Someday


Today is different for me than most. A day to reflect on the inhumane treatment of animals and the continual sacrifices they must make to feed humans. I hope someday it stops.

And the centuries old disrespect and disregard of Americas Native people. It is one of our truly disgraceful periods in history.

Sure, I have plenty to be thankful about–but on this particular day, I would rather reflect on these two topics since they tie into this ‘holiday’. It has been a hard day for me for many years; today I am saying so.

May the future bring more comfort and peace to lives of those we take for granted.

 

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Clarity


Seeing people for who they really are, whether they are homeless or our closest friends/family, can often be challenging. As humans, we spend a lot of time trying to create comfort around us, and this may include internal comfort also. Living in a world where situations can bring us discomfort, our brain will do as much as it can to remove the ‘bad’ stuff; erase memories or twist pictures before our eyes into something we’d prefer to see.

Seeing the world around us without our rose-colored glasses can often be painful, on a personal and global level. It may reveal our own child as a drug addict or a fellow human as hungry, neither snapshot as something we want to see.

But both these things are truths before us and must be acknowledged. They are drastic cases of what we see when we choose to have our eyes truly open to people around us. How do these things make us feel about these people and how do we react in response? Afterall, it does not change the fact that they are both humans still…

What if what our eyes remain closed to simpler truths about someone else? Things that just make them who they are, but different from you and I? Have we truly listened and accepted what someone has told us about their feelings or needs? Or are we trying to change them to fit into our agenda?

It can be a challenge to accept someone just as they are; especially when they look or act differently. Each day the world seems to become less and less accepting and we drift farther apart from our shared humanity.

Respect and listening. If we felt heard and respected, no matter how minor the role we may play in this game called life, then we can feel here, human and a part of the whole.

 

 

 

 

 

Joy Through Sacrifice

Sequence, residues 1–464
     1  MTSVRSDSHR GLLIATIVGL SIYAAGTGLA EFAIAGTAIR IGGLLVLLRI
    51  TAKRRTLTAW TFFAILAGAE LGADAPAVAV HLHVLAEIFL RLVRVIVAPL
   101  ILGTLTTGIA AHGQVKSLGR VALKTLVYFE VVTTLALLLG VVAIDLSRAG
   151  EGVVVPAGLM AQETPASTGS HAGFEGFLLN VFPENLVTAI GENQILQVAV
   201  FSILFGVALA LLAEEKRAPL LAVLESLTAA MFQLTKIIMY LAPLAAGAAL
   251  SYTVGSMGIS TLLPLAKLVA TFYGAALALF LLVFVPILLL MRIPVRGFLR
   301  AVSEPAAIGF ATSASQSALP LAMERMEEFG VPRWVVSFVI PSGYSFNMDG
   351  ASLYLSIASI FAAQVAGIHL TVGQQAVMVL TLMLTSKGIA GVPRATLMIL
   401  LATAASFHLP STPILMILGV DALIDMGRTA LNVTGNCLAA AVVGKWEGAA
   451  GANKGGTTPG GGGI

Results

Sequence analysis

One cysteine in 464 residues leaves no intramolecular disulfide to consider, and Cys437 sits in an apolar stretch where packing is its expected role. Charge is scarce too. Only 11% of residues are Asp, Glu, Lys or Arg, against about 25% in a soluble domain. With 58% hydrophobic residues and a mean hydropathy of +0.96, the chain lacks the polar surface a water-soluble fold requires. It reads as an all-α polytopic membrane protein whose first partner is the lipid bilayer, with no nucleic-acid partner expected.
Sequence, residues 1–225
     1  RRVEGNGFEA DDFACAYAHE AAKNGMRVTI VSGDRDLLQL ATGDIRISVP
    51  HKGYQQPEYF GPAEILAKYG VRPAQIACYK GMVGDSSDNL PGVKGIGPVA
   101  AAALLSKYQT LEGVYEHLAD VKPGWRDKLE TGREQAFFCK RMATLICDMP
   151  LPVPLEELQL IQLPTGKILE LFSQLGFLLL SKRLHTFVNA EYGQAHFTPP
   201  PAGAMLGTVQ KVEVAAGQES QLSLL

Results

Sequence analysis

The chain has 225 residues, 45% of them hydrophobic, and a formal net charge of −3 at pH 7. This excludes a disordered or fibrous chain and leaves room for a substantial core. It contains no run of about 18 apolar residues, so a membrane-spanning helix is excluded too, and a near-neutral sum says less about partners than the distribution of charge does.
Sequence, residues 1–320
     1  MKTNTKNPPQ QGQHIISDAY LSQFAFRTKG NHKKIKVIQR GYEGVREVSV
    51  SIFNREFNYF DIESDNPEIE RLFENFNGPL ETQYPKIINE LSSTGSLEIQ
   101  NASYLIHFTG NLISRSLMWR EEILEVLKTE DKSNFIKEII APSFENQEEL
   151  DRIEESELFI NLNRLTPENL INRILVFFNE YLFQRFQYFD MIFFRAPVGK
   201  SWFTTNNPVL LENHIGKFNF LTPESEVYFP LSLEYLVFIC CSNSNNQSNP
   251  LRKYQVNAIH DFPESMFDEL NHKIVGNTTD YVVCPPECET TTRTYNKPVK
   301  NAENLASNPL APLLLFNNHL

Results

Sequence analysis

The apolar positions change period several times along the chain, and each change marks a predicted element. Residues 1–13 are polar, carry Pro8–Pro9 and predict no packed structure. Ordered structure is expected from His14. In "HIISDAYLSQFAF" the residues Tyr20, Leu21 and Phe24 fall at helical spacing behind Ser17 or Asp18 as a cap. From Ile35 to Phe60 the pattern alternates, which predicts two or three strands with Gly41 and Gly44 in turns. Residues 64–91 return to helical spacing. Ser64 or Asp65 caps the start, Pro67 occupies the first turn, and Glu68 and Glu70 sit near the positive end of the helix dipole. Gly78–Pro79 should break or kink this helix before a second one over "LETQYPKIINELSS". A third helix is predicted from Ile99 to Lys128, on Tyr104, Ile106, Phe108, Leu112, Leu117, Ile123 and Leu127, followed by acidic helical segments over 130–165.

Watching an interesting TED talk today about a young Arctic surfer (yes, you heard me right, that was Arctic surfer), he said something that really struck me–not about surfing, but about sacrifice. As you can imagine, someone who surfs in frigid waters does a fair amount of sacrificing.  He does it in part to get away from the normal tropic crowds, but also to take these amazing photographs. To paraphrase very loosely he said something like: most things worth any kind of real joy usually involve some kind of sacrifice.

That gave me pause.

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I began thinking about some of the things that take sacrifice but bring joy:

  • 9 months of carrying a baby: the worrying, the weight gain, the hormone shifts, the vomiting, the swelling, the potential dangers involved…
  • being in a relationship: any kind really. It’s constant ups and downs, bargaining (with the kids, partners, co-workers, family members), tears, give/take, compromises, giving away parts of yourself at times
  • having a dream or goal: these can take huge amounts of time, money, changes in lifestyle and re-evaluating ourselves for the final outcome
  • moving somewhere new: leaving friends and family behind; leaving a career or job, doing something scary, taking a leap of faith
  • starting over (with a job/a person/or alone: leaving your comfort zone, stretching parts of yourself you may not know you had, or totally remaking yourself
  • helping others or someone else: living with less than normal, learning about other cultures (which maybe is uncomfortable), focusing less on “me”
  • giving up something completely: getting used to life “without”, feeling what it’s like when others perceive because we are now “different”